Sometimes, bad weather or snow can hide the trail signs, and you'll need to rely on your own skills to keep going. When the weather is good, the path is easy to see, but if it gets cloudy or foggy, it can be tricky to know where to go.
That's when being able to navigate really matters, making your hike an exciting challenge at best and a life-threatening situation at worst.
The starting point of the Via Alpina Switzerland is Sargans. It is pretty easy to get there with multiple ways of transportation.
The best way to get here is by plane. Zurich International Airport (GVA) is just 100 km away from Sargans and has direct flights from most major European cities.
The best public transport option is the train, which goes directly from Zurich and reaches Sargans in 75 minutes. The only minus is that you must first get to the city from the airport, which means a change is necessary.
If you want to go directly from the airport, take a shuttle, which takes approximately the same amount of time. We can book those for you if you so desire.
The hiking season on any of the treks in the Alps depends heavily on the amount of snow in the previous winter. In a normal year, the season for the Via Alpina runs from mid-July to the end of September.
Earlier than August, it’s still possible to find snow on the shady sections of the highest passes, but they don’t require special equipment, and there is no avalanche threat. Now, if the winter was very snowy, the path could be very dangerous till the end of July.
The temperatures in late July and August are usually pretty high, even sometimes 25-30°C above 2000 meters of elevation. You can also expect afternoon storms to pop up regularly on the trail, which is why hiking over a high mountain pass before noon is a good strategy.
Be prepared for a big drop in temperatures in the case of a severe storm. It’s not rare that even snow can start falling in those cases. But don’t worry, it usually disappears quite quickly with sunshine.
The weather gets colder again in September, sometimes even freezing at night. On the other hand, it is also more stable with more consecutive days without any rain.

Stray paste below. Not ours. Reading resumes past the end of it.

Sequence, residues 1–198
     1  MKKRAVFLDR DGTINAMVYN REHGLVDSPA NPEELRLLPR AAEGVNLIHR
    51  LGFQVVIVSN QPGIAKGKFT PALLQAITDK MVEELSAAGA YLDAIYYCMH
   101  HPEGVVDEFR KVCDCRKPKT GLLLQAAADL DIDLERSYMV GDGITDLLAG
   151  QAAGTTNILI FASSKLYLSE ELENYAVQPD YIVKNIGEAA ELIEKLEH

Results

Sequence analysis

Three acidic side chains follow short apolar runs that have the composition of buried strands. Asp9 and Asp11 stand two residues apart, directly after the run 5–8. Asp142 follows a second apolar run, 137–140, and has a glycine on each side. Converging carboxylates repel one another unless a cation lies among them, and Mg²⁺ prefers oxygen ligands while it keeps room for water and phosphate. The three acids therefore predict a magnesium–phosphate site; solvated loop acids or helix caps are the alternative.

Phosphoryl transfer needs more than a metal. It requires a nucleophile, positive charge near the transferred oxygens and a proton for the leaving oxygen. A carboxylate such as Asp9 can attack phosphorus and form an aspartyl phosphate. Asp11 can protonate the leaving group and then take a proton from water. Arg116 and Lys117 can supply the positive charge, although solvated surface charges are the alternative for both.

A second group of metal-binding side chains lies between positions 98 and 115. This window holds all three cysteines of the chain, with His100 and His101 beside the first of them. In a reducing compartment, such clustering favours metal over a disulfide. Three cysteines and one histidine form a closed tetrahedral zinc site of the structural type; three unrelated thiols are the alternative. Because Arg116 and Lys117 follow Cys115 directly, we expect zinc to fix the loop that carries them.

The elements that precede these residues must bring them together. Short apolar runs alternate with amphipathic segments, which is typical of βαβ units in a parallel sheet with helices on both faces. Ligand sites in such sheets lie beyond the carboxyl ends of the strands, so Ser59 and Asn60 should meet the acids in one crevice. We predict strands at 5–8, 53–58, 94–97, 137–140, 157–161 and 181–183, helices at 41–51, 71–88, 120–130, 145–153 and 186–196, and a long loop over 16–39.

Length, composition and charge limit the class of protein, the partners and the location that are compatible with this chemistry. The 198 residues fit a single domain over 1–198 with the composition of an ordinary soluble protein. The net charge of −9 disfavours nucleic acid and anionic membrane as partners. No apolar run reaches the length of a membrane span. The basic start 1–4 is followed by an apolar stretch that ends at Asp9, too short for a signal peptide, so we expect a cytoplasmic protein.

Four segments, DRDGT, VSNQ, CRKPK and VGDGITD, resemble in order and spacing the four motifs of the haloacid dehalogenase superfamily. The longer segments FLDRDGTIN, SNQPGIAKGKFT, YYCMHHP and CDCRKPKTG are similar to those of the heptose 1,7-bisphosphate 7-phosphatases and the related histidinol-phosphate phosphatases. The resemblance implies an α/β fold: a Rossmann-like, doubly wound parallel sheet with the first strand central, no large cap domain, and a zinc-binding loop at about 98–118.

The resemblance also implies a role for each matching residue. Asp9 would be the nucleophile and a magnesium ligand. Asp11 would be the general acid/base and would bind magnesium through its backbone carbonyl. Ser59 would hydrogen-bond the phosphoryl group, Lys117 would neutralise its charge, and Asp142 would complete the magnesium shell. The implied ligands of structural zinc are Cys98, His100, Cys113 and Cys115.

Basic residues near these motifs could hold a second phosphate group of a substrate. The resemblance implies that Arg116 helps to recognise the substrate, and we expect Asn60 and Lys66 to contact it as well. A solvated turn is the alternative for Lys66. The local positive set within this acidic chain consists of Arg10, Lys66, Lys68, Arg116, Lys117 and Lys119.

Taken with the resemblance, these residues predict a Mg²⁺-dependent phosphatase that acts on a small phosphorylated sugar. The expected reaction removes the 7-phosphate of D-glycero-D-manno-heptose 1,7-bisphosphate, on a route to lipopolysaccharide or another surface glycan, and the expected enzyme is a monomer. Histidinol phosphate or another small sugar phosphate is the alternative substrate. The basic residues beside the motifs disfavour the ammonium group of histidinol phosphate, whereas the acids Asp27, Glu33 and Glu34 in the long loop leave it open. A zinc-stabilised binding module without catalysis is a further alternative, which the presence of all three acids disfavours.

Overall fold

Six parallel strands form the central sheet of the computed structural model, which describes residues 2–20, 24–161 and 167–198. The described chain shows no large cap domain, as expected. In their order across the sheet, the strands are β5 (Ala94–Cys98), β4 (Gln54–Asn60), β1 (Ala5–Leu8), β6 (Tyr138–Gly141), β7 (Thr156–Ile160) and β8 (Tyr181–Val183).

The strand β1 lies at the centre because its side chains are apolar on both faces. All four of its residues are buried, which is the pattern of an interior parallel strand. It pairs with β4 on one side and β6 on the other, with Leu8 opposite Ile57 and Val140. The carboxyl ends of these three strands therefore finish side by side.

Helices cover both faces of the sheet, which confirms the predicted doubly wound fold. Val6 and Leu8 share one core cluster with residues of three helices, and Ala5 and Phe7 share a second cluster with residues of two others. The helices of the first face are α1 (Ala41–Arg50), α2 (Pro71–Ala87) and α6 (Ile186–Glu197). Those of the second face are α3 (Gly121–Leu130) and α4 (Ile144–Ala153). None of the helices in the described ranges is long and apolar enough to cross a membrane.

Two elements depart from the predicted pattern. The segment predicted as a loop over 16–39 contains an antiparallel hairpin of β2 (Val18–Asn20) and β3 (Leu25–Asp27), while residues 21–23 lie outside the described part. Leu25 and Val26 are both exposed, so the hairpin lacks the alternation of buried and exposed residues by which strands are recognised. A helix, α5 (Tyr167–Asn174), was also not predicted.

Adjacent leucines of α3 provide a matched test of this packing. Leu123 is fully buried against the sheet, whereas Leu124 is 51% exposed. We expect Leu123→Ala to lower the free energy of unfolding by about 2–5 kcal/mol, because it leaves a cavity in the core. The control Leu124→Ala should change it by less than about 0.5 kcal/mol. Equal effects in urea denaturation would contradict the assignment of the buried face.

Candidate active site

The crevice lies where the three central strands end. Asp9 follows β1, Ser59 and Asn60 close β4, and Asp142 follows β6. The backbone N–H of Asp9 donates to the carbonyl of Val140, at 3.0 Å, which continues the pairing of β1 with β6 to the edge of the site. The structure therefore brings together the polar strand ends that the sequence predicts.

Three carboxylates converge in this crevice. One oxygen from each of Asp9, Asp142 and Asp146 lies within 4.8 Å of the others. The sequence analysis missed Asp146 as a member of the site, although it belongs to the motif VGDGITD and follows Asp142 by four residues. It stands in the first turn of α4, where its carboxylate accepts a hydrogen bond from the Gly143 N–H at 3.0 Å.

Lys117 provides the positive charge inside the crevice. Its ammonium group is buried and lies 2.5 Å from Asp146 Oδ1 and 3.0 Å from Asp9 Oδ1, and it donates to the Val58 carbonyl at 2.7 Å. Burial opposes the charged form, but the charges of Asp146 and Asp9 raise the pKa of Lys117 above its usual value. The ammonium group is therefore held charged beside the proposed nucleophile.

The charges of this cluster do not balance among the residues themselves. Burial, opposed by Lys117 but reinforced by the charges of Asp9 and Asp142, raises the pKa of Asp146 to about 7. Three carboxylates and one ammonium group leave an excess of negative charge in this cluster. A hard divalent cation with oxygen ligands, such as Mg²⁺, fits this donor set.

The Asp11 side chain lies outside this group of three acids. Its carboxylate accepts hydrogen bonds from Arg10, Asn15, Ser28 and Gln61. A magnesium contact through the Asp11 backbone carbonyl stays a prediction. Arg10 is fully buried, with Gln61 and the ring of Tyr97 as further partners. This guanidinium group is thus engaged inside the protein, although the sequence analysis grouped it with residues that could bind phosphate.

At the end of the month the season end, as all the mountain huts close their doors, leaving only modest winter rooms open — these are unmanned basic rooms that stay unlocked also in the winter.
It is still possible to hike in October, but you must have a tent (wild camping is tolerated above the tree line, except for protected areas). Expect much more rain and possibly the first heavy dose of snow, which can end your Via Alpina experience in the middle.
Most of the stages of the Via Alpina end in a valley, where the choice of accommodation is bigger than high in the mountains. That means you can hike the whole trail while staying in hotels or inns, with the comfort and quality depending on your budget.
Still, some of the sections are more remote and have a limited choice of where to stay — including some of the days where you can stay in a mountain hut.
The most important thing is to book in advance, because some can be booked full very quickly.
Switzerland's reputation for precision and quality extends to its accommodations along the Via Alpina. From cozy mountain huts up high to luxurious hotels in the valleys, each stop is an opportunity to experience Swiss hospitality at its finest.
The culinary journey is equally delightful, with hearty breakfasts fueling your days and evening meals celebrating local flavors. Swiss cuisine, with its emphasis on fresh, regional ingredients, turns each meal into a moment of cultural discovery.
While the trek offers a return to nature, the comforts of modern hospitality are never far away. The mountain huts provide a communal atmosphere where stories are shared over communal tables and private rooms offer a retreat after a day's hike.
Most accommodations can be booked as a half-board (dinner and breakfast). The food is robust and satisfying, ensuring each trekker is well-fed and ready for the next day's adventure.
In Switzerland, the joy of the journey is matched by the warmth of the welcome at each stop, be it at the top of a mountain pass or a lively evening in an alpine town.
Water can be filled up in most accommodations, although some huts do not have drinking water. In that case, you can always buy bottled water, but even better (and cheaper) is to have a water filter with you.
You will also find plenty of streams on the way from which you can fill up, just not if it is below a pasture with cattle, as it might not be drinkable.
Hiking the Via Alpina requires preparation and stamina. You can take your time and go at a leisurely pace, but you'll still need to be ready for many days of hiking with a relatively heavy backpack.